Posted 6 years ago
During WWII there was a need for alarm clocks so the factory workers could get to work on time. Because brass & other metals was needed for war products, these early WARALARMS, had cases made of molded wood fiber, and instead of the normal 300 pounds of brass used per 1,000 clocks, only 7 pounds of brass could be used per 1,000 clocks.
This is a "molded wood fiber case, WARALARM manufactured by Westclox of La Salle, Ill. although the Westclox name was not put on the clock.
The back is embossed:
EXCLUSIVE OF TAXES
Total weight of clock: 11.55 ounces
Height of case: 5.5 inches
Width of case: 5.2 inches
Depth of case: 1.75 inches; 1.80 inches including glass.
This was interesting:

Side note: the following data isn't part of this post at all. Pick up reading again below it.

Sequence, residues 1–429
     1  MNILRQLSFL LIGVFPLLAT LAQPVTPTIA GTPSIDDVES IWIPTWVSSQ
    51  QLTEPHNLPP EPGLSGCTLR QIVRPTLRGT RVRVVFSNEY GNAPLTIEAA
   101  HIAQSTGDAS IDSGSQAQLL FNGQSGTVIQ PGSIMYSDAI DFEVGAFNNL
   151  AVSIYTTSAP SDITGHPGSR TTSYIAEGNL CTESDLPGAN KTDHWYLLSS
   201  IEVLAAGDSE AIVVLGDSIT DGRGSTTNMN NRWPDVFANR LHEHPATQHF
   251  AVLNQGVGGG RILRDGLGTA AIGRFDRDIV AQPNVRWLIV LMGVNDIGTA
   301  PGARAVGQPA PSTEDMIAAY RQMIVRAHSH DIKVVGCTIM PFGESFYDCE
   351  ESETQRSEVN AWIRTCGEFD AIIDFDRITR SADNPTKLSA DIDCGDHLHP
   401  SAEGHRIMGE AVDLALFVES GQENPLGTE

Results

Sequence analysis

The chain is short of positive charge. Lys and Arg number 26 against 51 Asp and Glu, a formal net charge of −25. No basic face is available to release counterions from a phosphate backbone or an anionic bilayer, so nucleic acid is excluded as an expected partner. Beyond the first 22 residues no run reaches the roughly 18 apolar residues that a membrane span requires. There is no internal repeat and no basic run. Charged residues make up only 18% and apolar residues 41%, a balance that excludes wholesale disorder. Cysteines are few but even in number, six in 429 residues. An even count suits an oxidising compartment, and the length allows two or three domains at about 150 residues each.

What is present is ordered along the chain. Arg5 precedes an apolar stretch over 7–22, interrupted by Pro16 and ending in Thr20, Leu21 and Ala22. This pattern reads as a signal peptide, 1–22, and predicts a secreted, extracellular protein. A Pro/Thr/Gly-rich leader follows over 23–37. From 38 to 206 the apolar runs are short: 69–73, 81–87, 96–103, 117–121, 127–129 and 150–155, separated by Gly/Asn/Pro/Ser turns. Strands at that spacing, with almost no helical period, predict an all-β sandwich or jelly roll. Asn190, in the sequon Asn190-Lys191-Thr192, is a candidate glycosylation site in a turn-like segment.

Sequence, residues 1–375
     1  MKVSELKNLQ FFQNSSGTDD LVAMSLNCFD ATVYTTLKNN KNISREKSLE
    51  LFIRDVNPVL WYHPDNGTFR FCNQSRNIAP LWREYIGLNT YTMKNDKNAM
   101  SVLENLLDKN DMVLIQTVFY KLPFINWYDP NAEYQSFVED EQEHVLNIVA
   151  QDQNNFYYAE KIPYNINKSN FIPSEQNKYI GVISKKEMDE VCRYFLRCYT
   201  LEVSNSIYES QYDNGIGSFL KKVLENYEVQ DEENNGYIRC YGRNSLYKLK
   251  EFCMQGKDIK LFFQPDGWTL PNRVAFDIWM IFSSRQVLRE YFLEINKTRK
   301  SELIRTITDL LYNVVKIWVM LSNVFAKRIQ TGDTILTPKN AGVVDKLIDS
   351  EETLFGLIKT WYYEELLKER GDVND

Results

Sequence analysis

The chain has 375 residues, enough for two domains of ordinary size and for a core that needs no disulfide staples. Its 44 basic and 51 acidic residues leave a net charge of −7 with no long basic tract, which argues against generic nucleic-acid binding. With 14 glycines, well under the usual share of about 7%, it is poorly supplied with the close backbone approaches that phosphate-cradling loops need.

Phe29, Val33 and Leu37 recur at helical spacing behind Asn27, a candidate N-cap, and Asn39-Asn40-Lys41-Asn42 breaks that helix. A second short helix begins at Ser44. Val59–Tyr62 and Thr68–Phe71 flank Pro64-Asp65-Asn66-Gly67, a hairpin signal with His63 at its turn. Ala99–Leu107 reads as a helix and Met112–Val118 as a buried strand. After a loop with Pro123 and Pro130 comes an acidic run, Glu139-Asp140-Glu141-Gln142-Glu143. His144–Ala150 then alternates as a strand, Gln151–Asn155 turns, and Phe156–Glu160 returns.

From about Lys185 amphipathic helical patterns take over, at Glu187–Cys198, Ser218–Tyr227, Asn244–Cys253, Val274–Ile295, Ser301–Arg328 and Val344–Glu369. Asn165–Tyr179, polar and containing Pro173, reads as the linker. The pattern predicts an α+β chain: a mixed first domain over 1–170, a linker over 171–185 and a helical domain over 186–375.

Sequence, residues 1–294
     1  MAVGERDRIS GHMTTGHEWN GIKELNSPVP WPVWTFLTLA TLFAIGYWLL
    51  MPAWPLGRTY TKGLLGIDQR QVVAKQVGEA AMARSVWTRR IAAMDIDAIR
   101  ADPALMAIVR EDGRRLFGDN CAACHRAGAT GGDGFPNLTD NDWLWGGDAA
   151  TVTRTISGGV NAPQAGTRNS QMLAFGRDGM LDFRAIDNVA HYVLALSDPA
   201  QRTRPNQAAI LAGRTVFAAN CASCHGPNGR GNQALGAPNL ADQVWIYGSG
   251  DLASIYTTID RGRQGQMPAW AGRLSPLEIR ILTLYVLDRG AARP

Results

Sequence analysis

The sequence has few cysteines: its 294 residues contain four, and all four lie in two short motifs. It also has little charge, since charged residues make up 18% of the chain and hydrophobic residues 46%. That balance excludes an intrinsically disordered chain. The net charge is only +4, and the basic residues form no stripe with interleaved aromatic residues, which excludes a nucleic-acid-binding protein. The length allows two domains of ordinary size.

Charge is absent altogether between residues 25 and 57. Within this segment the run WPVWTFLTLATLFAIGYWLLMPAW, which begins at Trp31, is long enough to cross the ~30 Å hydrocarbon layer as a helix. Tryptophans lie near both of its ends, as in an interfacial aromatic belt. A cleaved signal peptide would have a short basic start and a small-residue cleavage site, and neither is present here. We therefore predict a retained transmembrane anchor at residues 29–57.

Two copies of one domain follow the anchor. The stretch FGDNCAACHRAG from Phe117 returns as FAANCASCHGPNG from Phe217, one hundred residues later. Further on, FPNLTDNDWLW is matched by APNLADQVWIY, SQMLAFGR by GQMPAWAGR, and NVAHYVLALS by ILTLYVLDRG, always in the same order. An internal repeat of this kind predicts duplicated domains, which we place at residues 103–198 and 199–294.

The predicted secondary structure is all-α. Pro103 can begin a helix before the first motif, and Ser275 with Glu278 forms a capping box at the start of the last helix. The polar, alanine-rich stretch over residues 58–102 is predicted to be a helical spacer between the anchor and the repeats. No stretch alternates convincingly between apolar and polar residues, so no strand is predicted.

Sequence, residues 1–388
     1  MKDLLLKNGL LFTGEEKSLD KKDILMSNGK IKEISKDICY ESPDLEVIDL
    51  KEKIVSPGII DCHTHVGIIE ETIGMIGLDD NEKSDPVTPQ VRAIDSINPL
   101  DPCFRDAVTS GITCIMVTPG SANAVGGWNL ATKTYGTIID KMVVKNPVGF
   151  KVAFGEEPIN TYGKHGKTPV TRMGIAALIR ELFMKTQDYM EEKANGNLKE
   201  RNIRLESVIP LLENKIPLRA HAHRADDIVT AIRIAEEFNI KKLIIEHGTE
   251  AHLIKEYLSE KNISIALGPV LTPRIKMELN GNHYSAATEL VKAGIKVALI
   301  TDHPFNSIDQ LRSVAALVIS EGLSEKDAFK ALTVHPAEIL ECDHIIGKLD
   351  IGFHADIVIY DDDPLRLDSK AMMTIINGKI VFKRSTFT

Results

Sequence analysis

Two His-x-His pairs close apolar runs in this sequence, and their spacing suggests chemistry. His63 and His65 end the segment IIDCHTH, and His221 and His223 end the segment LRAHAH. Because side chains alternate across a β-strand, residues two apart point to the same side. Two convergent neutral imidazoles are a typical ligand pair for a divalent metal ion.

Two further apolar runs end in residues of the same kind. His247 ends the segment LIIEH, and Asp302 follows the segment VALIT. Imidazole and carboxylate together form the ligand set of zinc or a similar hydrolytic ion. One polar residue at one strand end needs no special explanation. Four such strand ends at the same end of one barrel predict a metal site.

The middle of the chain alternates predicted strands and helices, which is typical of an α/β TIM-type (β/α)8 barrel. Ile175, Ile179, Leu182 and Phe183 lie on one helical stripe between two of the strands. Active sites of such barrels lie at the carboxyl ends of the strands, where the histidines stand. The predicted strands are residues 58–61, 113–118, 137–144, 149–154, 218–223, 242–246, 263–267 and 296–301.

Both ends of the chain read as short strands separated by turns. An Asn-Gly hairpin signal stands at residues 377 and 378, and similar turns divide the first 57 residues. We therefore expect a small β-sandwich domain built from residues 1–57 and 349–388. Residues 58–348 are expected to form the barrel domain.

Library of Congress 1943
War alarm clocks. 1,700,000 of them will be produced this year to meet demand that was normally 12,000,000. Will be distributed by all pre-war alarm clock manufacturers. War alarms are of the hand-wound type, not nearly as durable as pre-war models. The case, about 6 x 6 x 2 1/2 inches, is of molded pressed wood and paper pulp. Mechanism contains only about 1/10 ounce brass and 6 1/2 ounce of steel, compared to pre-war average use in the low-priced alarm clocks of 6 and 13 ounces respectively. For this reason, and since the programmed supply for the year will barely cover the needs of workers in directly war-essential occupations, War Production Board (WPB) has requested that no one buy a war alarm unless it satisfies real need, not merely want, wish, or whim.
Thanks for looking,